In the 1970s, Philadelphia International Records was one of the premiere purveyors of Philly soul music, with a roster that featured influential acts like The O’Jays, Harold Melvin & The Blue Notes, and others. It’s been 50 years since the label was founded in 1971, so Vinyl Me, Please is celebrating the anniversary with a massive box set, VMP Anthology: The Story Of Philadelphia International Records.
As the title suggests, the compilation is a look at what the label was all about. That story is told through eight essential albums: The O’Jays’ Back Stabbers (originally released in 1972), Billy Paul’s 360 Degrees Of Billy Paul (1972), MFSB’s Love Is The Message (1973), The Three Degrees’ The Three Degrees (1973), Harold Melvin & The Blue Notes’ Wake Up Everybody (1975), Dexter Wansel’s Life On Mars (1976), The Philadelphia International All Stars’ Let’s Clean Up The Ghetto (1977), and Leon Huff’s Here To Create Music (1980).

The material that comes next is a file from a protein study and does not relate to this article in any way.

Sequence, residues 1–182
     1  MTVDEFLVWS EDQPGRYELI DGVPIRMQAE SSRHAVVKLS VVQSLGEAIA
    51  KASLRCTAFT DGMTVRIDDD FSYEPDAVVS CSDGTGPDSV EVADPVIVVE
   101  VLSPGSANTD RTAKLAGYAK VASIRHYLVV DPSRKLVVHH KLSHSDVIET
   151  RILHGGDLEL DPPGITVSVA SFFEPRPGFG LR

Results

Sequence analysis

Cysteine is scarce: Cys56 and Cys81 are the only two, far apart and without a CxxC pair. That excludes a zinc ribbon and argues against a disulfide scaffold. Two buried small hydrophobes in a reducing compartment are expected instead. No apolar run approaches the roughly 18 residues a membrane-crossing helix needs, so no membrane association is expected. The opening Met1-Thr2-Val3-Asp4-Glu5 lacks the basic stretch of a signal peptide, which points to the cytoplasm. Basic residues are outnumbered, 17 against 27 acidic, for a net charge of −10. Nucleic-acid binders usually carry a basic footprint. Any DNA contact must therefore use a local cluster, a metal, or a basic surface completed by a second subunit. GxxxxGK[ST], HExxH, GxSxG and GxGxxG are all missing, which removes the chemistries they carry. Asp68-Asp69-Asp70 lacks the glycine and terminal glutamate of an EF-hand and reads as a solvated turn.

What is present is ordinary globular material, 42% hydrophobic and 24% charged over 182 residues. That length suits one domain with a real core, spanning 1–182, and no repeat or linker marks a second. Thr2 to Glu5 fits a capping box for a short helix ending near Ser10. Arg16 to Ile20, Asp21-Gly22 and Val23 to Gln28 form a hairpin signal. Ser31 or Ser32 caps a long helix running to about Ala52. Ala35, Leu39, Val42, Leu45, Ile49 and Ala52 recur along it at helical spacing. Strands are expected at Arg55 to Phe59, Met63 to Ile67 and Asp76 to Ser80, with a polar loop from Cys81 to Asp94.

Each record is lacquered and AAA-mastered directly from tapes and pressed on 180-gram colored vinyl. Furthermore, this first edition of the box et is limited to 1,000 pressings and is accompanied by, among other goodies, a four-episode podcast series “to serve as a definitive guide to each album featuring interviews with PIR’s key figures like Kenny Gamble, Leon Huff, Valerie Holiday and more.”
Amileah Sutliff, VMP’s Head of Editorial, says of the release, “It’s a true honor to be able to champion Philadelphia International, and to give their music the VMP Anthology treatment. PIR is a groundbreaking powerhouse of a label whose impact — both directly and indirectly — can be seen and heard prominently in music and culture to this day, 50 years later. With eight incredible albums that illustrate the label’s vast contributions to soul throughout the ’70s, listeners get to go deep on a catalogue that single-handedly established the Sounds of Philadelphia.”
Learn more about VMP Anthology: The Story Of Philadelphia International Records here.